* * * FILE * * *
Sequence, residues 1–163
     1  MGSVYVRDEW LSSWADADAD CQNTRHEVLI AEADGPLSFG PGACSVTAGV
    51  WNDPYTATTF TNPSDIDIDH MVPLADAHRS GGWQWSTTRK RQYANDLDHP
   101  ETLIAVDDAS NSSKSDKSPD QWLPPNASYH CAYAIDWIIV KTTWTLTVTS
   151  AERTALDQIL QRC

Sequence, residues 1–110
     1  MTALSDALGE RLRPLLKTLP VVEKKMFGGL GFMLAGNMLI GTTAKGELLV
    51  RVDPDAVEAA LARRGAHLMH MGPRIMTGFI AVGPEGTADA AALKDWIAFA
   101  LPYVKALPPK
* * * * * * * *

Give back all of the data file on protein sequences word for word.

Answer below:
Sequence, residues 1–163
     1  MGSVYVRDEW LSSWADADAD CQNTRHEVLI AEADGPLSFG PGACSVTAGV
    51  WNDPYTATTF TNPSDIDIDH MVPLADAHRS GGWQWSTTRK RQYANDLDHP
   101  ETLIAVDDAS NSSKSDKSPD QWLPPNASYH CAYAIDWIIV KTTWTLTVTS
   151  AERTALDQIL QRC

Sequence, residues 1–110
     1  MTALSDALGE RLRPLLKTLP VVEKKMFGGL GFMLAGNMLI GTTAKGELLV
    51  RVDPDAVEAA LARRGAHLMH MGPRIMTGFI AVGPEGTADA AALKDWIAFA
   101  LPYVKALPPK